Wednesday, August 27, 2003


I've relocated.

Many, many thanks go to the wonderfully generous Patricia for offering to host me at

Thank you, Blogger, good night!

Update: all comments, both enetation and haloscan, are back up for (my) archival viewing purposes.

Tuesday, August 26, 2003

Royale With Cheese

What are the world's most quotable films? I'll start with two.

Pulp Fiction. Would you give a guy a foot massage?

The Princess Bride. My name is Inigo Montoya. You killed my father; prepare to die.

Someone will likely mention The Godfather, but I haven't actually seen it. What others am I missing?



One of the girls I live with just returned from Japan. In Japan, she had a friend named "I" and an acquaintance named "You", heard stories about You's cousin "Me", and met someone named "Sucasa" who was from "Micasa".

No, they're not spelled like that, but they sure are pronounced like that.

She also brought back presents and trinkets that would put some of the entries on Engrish to shame. No Rock Star shirt, but she did buy this very plate, of Engrish fame.

What I like the best of what she's brought back to California is her perspective on Americans. She made the mistake of going to Costco the day she returned to the States:

"Americans are fat and lazy! What are you doing? You don't need six pounds of Velveeta!"

She posits that the Japanese have even found a way to make "American" food taste better than it does here. Furthermore, she says, they take all of our ideas and so vastly improve them that they are barely recognizable.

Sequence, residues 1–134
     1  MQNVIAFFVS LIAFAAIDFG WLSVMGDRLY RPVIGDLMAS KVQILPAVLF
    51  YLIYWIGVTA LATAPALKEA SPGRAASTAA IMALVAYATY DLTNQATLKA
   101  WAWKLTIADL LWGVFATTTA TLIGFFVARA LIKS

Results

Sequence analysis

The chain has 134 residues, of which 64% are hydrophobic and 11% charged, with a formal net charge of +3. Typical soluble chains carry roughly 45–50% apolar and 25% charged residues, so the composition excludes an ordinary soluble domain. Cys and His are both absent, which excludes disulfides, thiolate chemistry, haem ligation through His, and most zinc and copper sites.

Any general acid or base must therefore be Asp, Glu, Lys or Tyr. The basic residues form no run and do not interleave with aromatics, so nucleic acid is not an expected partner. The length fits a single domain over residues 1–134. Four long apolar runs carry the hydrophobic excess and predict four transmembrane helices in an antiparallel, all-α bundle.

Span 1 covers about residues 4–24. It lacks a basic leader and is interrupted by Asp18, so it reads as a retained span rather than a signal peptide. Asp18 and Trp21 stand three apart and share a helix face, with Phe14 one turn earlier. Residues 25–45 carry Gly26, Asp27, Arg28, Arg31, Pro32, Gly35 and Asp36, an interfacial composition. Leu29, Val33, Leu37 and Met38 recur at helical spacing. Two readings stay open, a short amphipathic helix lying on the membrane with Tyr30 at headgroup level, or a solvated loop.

"Case in point: Ford invented the Model-T but you don't see Toyotas driving around with flaming tires."


Thanks for Playing

The lie was Number Three. That could be because I'm not actually that hot, or because cops aren't actually that pigheaded, or because it really is going to happen but simply hasn't yet.


Oh, yes, the results! There were 6 votes for story the first, 3 for the second and 2 for the third. Congratulations to the small minority of you who got it right, though from the look of it you were guessing at random. To the rest of you - you don't have much faith in off-duty police behavior, do you? No, me neither.

Monday, August 25, 2003

The Art of Driving On California Freeways



"When you make it back to London, come up to Glasgow and give me us a shout. We'll take you out."

- Chris Geddes, keyboards, Belle and Sebastian

Friday, August 22, 2003

I'd have posted earlier; unfortunately there was the matter of the MISSING ONE HUNDRED DOLLAR BILL to be looked into first. I wish I could tell you it had been positively resolved.

Brushes with the Law

One: Underage

Cops can save your butt, right? I'd never have been surprised to hear that, but it didn't really hit me for many years.

I grew up in a town whose size could be described by "smallish- to medium-sized city". It was home to a few hundred thousand people, had a discernible (though tiny) downtown area, yet was close enough to middle-of-nowhereness, evidenced by two-lane highways and thickly wooded areas, that it was possible, every year, for each high school's junior and senior classes to hold keggers in the woods come June.

I know. It's classy. High school tends to be.